Studio: Paramount Home Entertainment
Video: 4:3 Fullscreen
Audio: English Dolby Digital 5.1, English Dolby 2.0 Surround
Subtitles: English with English Closed Captions
Extras: Six featurettes (“Kirk, Spock & Bones: Star Trek’s Great Trio”, “Life Beyond Trek: Leonard Nimoy”, “To Boldly Go… Season Two”, “Designing the Final Frontier”, “Writer’s Notebook: D.C. Fontana” and “Star Trek’s Divine Diva: Nichelle Nichols”), text commentary on two episodes, preview trailers, photo gallery, production art, Red Shirt Logs (hidden files)
Length: 1,307 minutes
Rating: ****

The television series that launched the entire Star Trek phenomenon, Star Trek: The Original Series follows the adventures of the crew of the starship U.S.S. Enterprise as they embark on a mission to explore outer space. Commanded by Captain James T. Kirk, the crew also includes Vulcan first officer Lt. Commander Spock, feisty medical doctor “Bones” McCoy, creative engineer “Scotty” Scott, and officers Chekov, Sulu, and Uhura. During their travels, the crew encounters everything from time paradoxes to alien species such as Klingons and Romulans. Highlights from the second season include: “The Trouble with Tribbles” where cute furry aliens begin multiplying at an alarming rate aboard the Enterprise; “Amok Time” in which Spock experiences violent emotions culminating with him engaging Kirk in a battle to the death; and “Who Mourns for Adonais?” where the crew is captured by a powerful alien once known on Earth as the Greek god Apollo. The entire 26 episodes from the second season plus the special features are contained on seven discs. (Disc One: Amok Time, Who Mourns for Adonais?, The Changeling, Mirror Mirror. Disc Two: The Apple, The Doomsday Machine, Catspaw, I Mudd. Disc Three: Metamorphosis, Journey to Babel, Friday’s Child, The Deadly Years. Disc Four: Obsession, Wolf in the Fold, The Trouble with Tribbles, The Gamesters of Triskelion. Disc Five: A Piece of the Action, The Immunity Syndrome, A Private Little War, Return to Tomorrow. Disc Six: Patterns of Force, By Any Other Name, The Omega Glory, The Ultimate Computer. Disc Seven: Bread and Circuses, Assignment: Earth, Special Features).

The overall video quality of this DVD set is very good. Images are accurate and clean with sharp detail. Colors are deep and faithfully reproduced with well-saturated hues. Black levels are uniformly dark throughout. Picture defect mastering is solid with no major flaws. The overall audio quality is also very good with the English Dolby Digital 5.1 track serving as the basis for this review. The soundtrack mix generally favors the forward channels. Dialogue is clear and natural sounding. Seeing somewhat limited activity, the surround channels are used for both ambient effects and the music score. The LFE channel is tidy and crisp. Tactile sound effects are present in the form of subtle impacts generated from the sound effects and music.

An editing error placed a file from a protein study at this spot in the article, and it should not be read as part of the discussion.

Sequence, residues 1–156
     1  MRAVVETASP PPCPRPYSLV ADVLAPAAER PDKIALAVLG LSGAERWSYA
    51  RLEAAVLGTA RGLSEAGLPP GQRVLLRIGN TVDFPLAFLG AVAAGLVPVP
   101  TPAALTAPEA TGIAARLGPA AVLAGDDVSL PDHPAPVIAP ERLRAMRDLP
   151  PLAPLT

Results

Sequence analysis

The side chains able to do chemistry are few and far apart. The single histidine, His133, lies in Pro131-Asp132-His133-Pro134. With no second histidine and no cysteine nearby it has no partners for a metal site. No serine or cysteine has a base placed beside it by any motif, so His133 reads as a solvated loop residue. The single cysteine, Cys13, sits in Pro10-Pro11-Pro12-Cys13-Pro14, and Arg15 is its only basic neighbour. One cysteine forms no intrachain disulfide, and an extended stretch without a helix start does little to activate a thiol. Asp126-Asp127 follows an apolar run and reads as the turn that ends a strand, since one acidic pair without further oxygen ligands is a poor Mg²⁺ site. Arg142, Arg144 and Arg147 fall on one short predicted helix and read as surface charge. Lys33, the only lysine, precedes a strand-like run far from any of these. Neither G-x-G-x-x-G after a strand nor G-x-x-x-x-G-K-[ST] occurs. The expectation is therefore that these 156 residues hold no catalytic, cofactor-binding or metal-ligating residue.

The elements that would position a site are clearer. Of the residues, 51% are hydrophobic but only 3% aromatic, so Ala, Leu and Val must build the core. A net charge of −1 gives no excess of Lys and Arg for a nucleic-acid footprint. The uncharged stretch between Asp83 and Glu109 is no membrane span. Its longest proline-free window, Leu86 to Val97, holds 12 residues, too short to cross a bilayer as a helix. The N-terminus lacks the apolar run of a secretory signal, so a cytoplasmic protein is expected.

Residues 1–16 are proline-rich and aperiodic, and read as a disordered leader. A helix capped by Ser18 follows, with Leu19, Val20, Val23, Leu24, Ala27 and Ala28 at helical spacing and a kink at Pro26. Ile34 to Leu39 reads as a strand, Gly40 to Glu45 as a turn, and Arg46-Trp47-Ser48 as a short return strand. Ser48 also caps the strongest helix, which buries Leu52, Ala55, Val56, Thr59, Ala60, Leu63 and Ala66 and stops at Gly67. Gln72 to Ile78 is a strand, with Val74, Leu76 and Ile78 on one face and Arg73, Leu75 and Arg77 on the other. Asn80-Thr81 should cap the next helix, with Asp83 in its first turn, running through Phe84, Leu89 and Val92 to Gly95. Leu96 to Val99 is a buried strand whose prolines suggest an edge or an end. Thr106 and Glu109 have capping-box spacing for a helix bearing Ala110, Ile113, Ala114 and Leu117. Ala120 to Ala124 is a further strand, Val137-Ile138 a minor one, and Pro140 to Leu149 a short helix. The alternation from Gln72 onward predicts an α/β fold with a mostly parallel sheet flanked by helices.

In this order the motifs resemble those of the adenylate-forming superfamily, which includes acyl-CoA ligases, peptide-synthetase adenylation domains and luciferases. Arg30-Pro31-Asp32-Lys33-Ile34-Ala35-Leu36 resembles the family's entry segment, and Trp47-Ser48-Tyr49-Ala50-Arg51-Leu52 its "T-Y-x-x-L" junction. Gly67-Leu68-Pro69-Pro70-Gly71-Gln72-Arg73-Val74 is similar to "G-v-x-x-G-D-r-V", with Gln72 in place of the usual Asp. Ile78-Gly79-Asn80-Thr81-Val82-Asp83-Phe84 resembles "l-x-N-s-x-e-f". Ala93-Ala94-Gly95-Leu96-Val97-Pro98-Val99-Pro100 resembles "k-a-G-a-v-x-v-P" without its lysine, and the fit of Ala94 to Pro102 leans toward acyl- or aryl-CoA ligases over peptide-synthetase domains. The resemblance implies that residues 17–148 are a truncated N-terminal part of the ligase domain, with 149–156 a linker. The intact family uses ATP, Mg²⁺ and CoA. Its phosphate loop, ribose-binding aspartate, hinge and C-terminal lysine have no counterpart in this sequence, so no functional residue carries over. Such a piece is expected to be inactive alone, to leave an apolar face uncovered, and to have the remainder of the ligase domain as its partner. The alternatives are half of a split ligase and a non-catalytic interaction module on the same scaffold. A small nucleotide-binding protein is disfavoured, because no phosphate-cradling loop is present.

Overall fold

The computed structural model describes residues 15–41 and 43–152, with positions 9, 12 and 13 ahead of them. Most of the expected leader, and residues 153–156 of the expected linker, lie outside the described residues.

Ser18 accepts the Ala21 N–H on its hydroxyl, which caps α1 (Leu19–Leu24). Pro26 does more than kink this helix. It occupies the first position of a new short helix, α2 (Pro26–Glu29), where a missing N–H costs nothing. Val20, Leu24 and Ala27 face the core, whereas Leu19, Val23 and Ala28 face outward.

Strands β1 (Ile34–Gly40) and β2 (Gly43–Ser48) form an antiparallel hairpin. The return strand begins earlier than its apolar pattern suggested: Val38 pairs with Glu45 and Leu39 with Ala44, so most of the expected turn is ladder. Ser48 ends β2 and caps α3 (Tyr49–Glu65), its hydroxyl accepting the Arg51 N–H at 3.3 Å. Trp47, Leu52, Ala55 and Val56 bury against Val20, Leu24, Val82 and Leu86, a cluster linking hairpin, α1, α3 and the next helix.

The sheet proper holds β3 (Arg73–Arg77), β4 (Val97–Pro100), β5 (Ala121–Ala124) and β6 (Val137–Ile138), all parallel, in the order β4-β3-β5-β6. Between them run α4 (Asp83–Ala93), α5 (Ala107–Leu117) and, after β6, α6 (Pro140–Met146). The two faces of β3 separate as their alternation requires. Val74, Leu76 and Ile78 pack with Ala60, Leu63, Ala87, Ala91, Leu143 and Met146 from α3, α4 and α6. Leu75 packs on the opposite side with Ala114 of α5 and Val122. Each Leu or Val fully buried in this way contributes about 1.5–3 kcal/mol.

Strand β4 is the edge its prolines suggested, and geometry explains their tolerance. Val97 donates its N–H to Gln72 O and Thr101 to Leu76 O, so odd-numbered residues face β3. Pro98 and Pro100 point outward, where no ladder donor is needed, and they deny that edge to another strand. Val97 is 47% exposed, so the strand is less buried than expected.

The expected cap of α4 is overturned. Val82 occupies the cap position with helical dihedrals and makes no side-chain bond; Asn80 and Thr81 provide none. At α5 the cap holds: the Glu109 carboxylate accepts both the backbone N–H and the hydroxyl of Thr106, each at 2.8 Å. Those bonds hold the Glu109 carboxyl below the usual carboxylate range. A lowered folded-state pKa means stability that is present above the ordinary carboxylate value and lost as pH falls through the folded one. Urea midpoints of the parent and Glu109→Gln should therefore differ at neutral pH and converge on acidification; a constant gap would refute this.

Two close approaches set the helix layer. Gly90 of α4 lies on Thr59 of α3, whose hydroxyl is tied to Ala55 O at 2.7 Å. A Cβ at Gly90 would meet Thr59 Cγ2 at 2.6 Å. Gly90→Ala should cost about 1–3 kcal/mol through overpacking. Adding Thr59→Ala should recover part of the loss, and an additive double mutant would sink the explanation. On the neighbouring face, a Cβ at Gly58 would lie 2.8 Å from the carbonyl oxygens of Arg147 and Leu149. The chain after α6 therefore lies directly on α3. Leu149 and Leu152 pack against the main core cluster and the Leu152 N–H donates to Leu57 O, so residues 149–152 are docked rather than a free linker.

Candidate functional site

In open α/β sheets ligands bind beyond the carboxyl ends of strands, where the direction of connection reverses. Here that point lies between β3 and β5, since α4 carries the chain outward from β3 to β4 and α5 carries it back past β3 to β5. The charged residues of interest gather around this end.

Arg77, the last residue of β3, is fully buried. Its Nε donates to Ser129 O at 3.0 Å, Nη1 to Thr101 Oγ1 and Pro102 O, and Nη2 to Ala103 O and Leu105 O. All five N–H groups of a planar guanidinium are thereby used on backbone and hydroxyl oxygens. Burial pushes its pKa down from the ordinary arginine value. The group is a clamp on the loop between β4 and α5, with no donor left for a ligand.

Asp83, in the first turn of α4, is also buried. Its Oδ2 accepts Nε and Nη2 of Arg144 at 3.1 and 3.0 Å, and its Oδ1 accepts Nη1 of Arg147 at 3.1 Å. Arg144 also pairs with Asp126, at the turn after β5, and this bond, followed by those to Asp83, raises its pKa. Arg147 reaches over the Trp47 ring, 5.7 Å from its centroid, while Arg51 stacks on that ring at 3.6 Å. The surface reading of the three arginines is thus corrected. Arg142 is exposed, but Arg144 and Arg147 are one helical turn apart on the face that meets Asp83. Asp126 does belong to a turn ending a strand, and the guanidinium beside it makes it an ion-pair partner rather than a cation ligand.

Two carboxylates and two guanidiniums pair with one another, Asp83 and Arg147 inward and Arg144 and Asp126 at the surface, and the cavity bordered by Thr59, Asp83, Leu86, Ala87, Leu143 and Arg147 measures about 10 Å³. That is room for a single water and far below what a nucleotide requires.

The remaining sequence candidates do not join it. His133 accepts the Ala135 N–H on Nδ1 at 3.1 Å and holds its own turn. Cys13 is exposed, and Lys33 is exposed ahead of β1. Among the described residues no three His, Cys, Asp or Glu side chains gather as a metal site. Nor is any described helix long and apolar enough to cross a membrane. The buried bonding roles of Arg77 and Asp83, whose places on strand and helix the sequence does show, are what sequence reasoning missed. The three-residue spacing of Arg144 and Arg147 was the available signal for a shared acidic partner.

Reference equipment: Video monitor- NetTV DTV-34XRT; Video scaler- Silicon Image iScan Pro; DVD player- Philips Q35AT; A/V Receiver- Sherwood Newcastle R-963T; Speakers- Acoustech 5.1 channel system; Tactile Transducer- Clark Synthesis TST 329 Gold; Cables and Wires- Bettercables

War and Peace - HepburnWar and Peace (1956)

Starring Audrey Hepburn, Henry Fonda, Mel Ferrer
Studio: Paramount
Video: Enhanced for widescreen 16:9, color
Audio: Dolby Digital mono
Subtitles: English
Extras: Theatrical trailer, Behind the Scenes of War and Peace, Re-release trailer
Length: 208 minutes
Rating: *** 1/2

My main interest in this very Hollywood interpretation of War and Peace in the 50s was shared between Audrey Hepburn and the musical score by Nino Rota. In fact I wore out the LP of the soundtrack music. There have been many takes on Tolstoy’s lengthy opus, but this one would probably not come out the victor, although it was nominated for an Academy Award at the time. The top Hollywood actors and glorious costumes are set against the historical background of Napoleon’s ill-fated invasion of Russia. Audrey Hepburn looks so cute in her various costumes you might want to see it even if the rest of the film bores you to death for three and a half hours. Others might feel she’s a bit too pert and bouncy. However, the real casting problem is Henry Fonda as Pierre. His manner of speaking, carrying himself and just his physical appearance seems to suggest he’s still playing his Grapes of Wrath character rather than a wealthy Russian aristocrat. There’s plenty of war and not much peace. There’s intrigue and impossible romantic liaisons. It’s an epic alright. Didn’t quite make it to the end this sitting; well let you know how it turns out later.

– John Sunier

Dolphins, IMAX featureDolphins – IMAX feature

Narrator: Pierce Brosnan
Music: Sting & Steve Wood
Studio: MacGillivray Freeman/Image Entertainment
Video: Both widescreen 16×9 and 4:3 full frame versions
Subtitles: French and Spanish, closed captioned
Audio: Dolby Digital 5.1, DTS 5.1, DD 5.1 in French or Spanish on 4:3 version
Extras: 2nd DVD with high-def version of complete feature, playable in MicroSoft Windows XP using WMV-HD; Featurette “The Making of Dolphins,” Marine Science video, Photo gallery, Trailers, Retrospective of MacGillivrary Freeman shorts
Length: 89 minutes
Rating: ****